Sometimes it’s hard to believe the stories of harassment that come across my desk. Today I read the story of Pavel Curda and Gesche Haas. While attending a networking event for investors and startups in Berlin last month, Haas met with Curda, a European angel investor. After a strictly business meeting at the event, Haas received the following email from Curda:
What?! According to reports Haas was completely caught off guard and wondered if she had said or done something to imply to Curda that this kind of communication was appropriate. She was hesitant to come forward with his harassment. It was only after fellow female colleagues in the tech community came forward about the incident that Haas shared her experience.
In an “apology” posted to Twitter, Curda explained away the harassment, stating that his email had been hacked. Not long after his statement, Twitter user Lucie Montel, responded with the following tweet, challenging his statement with an image of a text sent to her from Curda:
After Montel posted her response, Curda came forward and admitted to sending the messages and offered another apology: “I regret sending the messages while I was in Berlin in July… I apologise for them and I am ready to apologise again in person with a big bouquet of flowers.”
Flowers?! Does this guy not learn?! I don’t know about all women, but if I was sexually harassed by a man an apology with flowers would just feel like more of the same – unwanted advances.
Unbelievable Story #1: FACT.
Surprisingly these unbelievable stories are more common than we might think. Here’s another one I read:
Dr. Paul Becton, Jr., an Arkansas gynecologist, was accused of video voyeurism and photographing patients’ private parts. A warrant that required the seizure of Becton’s cell phone, revealed “deleted images of nude females that appear to have been taken in a medical office during medical examinations” on the hard drive of the phone.
Unbelievable Story #2: FACT.
Or what about the apartment manager who made sexual advances toward female tenants, going so far as to touch himself in a sexual manner in front of them…in what world would that NOT be considered sexual harassment?!
Unbelievable Story #3: FACT.
The more I read the more appalled I become. Working for a compliance company we talk a lot about the gray areas of compliance. When doing business abroad, we must be careful not to run afoul of the FCPA. We have to be careful to question what we see as “business as usual,” because there truly can be some gray areas. Instances where we might give a gift, which is seen as customary in whatever culture we are doing business in, could be seen as a bribe by our parent corporation. But, emailing another professional and demanding sex, taking inappropriate pictures and videos of patients or making sexual gestures toward tenants do not fall into a gray area. Those are clearly WRONG!!!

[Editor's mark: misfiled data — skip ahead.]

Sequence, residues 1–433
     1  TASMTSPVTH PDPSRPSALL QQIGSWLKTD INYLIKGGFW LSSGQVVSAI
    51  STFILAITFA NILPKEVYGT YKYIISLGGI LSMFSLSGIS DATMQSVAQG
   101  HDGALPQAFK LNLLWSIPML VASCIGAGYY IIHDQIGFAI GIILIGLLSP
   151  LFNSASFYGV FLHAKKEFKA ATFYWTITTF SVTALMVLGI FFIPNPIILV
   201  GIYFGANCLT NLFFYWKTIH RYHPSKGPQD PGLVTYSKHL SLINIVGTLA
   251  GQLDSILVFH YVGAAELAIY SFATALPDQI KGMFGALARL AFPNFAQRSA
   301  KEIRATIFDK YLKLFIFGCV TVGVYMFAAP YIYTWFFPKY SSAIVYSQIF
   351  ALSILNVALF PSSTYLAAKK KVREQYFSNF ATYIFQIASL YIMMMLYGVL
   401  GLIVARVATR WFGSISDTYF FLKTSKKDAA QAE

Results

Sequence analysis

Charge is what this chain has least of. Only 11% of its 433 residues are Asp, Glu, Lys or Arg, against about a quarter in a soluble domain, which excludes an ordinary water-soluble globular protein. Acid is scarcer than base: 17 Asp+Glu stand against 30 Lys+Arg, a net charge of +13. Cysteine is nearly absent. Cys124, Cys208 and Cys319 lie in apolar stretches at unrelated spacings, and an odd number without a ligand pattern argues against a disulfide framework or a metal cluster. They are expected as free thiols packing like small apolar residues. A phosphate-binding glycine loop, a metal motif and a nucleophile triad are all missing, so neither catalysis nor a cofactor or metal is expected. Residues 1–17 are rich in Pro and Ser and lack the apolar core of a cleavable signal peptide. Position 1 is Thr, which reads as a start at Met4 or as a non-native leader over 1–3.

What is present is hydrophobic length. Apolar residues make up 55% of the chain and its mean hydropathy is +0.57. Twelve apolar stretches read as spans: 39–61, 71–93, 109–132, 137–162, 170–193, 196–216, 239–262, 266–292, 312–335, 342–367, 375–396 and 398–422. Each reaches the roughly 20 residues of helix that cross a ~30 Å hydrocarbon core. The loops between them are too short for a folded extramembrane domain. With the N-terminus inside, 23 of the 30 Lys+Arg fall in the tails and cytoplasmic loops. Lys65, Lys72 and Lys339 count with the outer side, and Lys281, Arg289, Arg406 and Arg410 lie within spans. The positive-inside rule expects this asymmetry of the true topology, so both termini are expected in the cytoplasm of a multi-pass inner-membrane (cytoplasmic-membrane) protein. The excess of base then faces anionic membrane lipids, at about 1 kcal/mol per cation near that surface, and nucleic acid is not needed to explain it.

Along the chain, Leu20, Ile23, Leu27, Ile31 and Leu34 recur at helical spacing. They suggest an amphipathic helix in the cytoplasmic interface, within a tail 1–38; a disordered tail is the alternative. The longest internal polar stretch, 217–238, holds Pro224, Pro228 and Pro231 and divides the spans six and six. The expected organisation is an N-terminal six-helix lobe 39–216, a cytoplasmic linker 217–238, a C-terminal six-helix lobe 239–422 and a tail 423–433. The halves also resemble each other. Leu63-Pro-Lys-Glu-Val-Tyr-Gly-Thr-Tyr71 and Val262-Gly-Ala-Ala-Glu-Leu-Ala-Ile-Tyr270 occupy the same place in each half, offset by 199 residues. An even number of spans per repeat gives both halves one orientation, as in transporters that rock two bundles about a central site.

It gets worse, because we know that not all victims of sexual harassment come forward. Haas herself admits she was not planning to tell her story. If you take a look at the Whisper app you can see a myriad of anonymous reports of sexual harassment. The Whisper app allows people to share their secrets anonymously. Here are just a few examples of what Whisper users who are experiencing or have experienced sexual harassment have gone through:
One Whisper user admitted “I quit my job today! So glad to escape the daily sexual harassment.” Our internal customers are our greatest asset, we need to make sure we are protecting them! We can’t dismiss stories of sexual harassment, waving them off with our hand, saying “well, that’s just crazy, there’s no way that’s true.”
Sexual predators today are getting visibly bolder – acts of those like Curda, Dr. Becton and the inappropriate apartment manager show that sexual harassers are quickly garnering a laissez-faire attitude. People just aren’t taking it seriously, despite the fact that it’s not just unpleasant, it’s illegal. But, as you can see from the Whisper messages above it is very serious and its impeding individuals from living their lives, from being productive at work.
If you think your sexual harassment training isn’t being taken seriously, share with your employees the stories and whispers I’ve shared with you. Everyone needs to know that sexual harassment is not ok and that it will be dealt with appropriately (This means making sure your employees know how to report misconduct. Want a piece of advice? You’ll likely want to promote an anonymous whistleblower hotline).